This is not the first time Hersh has made a mixed-media release where a book has arrived alongside the album. “A book is still a valuable object, whereas a CD really isn’t. We all know they’re just little pieces of plastic. Vinyl is still lovely, of course. But insisting that someone else adopt your soundtrack can be a little presumptuous, while a book is still viewed as a gift. I sneak my soundtrack into books because I’m sleazy.”

It’s a means of which Hersh can capture more of her creative process and explore a theme further, but also drops her audience into a highly sensory experience. In a Q&A about the new album she said of mixed media releases, “Throwing Muses’ last record, Purgatory/Paradise, was published as a book with a CD included as well and some listeners told me it actually made them dizzy to the point of nausea to listen and read at the same time. Admittedly, these could have been very sensitive people – I think I could do it without throwing up – but I was impressed by their investment. Hopefully the visual and aural aspects of this release can stand alone as well as they hold together. Without making anybody puke.”

Sound and vision are intrinsically linked for Hersh, who has a form of synaesthesia, essentially allowing her to see the colour of sound. It’s something which she says informs her playing but which she’s also sought to represent in the presentation of releases.  She said, “I can’t imagine playing without synesthesia. I’d never be able to remember all those chords if they didn’t come colour-coded. Throwing Muses’ drummer, Dave, does all my packaging and tries to recreate my experience of sound, which is so overwhelmingly visual.”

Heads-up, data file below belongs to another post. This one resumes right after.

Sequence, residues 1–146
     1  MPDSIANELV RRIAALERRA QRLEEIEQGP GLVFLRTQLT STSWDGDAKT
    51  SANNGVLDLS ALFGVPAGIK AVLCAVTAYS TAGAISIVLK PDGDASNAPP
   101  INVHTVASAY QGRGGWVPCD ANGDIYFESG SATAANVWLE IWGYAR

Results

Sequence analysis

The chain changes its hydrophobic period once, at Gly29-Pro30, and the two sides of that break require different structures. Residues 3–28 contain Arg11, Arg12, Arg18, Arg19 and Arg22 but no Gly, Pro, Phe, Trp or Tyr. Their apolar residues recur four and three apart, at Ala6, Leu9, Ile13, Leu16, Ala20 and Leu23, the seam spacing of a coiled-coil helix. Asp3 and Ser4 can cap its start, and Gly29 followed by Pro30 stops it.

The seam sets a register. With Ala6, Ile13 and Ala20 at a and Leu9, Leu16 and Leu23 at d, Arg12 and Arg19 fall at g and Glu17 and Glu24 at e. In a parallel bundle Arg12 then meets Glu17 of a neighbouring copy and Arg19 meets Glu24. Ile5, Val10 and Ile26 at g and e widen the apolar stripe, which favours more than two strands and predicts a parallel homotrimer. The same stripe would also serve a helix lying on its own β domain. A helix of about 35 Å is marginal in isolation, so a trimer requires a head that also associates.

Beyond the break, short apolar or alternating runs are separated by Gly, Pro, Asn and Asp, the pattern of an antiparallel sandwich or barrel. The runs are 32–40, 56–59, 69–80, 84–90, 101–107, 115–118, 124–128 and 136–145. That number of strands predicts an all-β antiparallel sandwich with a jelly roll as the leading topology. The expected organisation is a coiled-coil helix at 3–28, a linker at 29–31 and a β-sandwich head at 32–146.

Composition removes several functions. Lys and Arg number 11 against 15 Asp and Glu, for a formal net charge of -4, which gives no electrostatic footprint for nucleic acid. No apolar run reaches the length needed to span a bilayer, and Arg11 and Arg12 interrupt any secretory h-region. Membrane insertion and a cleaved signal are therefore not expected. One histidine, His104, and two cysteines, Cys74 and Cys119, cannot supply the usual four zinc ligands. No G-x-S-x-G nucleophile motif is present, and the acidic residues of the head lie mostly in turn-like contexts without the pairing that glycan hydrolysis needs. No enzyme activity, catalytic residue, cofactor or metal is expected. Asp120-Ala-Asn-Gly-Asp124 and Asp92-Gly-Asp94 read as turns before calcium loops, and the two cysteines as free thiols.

A prolific musician Hersh is active in Throwing Muses, 50FOOTWAVE and her solo work, saying she knows which outlet the songs are destined for by the guitar she uses to write. But the quantity of songs for solo projects not only means a selection process but also a shoulder-to-the-wheel approach in the studio. She said, “I had 40 songs I needed to knock down to 24 if they’d let me release a double album (they did). So it was more like a ‘Let’s roll up our sleeves’ sigh. A recording studio is a farm: seasons and muscles both facilitate and limit what you can do. When it’s time to work, it’s time to WORK. Eating, sleeping, thinking about anything else…all that becomes impossible!”

And part of that studio work is not only in playing all the instruments but building new ones, she describes them as ‘Frankenstein crimes against nature’ that she created in a quest for a sound no-one had heard before. Alongside these the album is full of not just her regular instruments but cello and horns, and field recordings she captured on the last Throwing Muses tour. Of these she said, “When there’s a sound in your head you need to find, it seems to jump up in the air, into your field of vision. Luckily, the Coke bottle in the dune buggy at the beach, the protest march in Koreatown in LA, Australian birds, European buskers and redneck Yeti fans all crowded up to my phone while I held it out around the world.”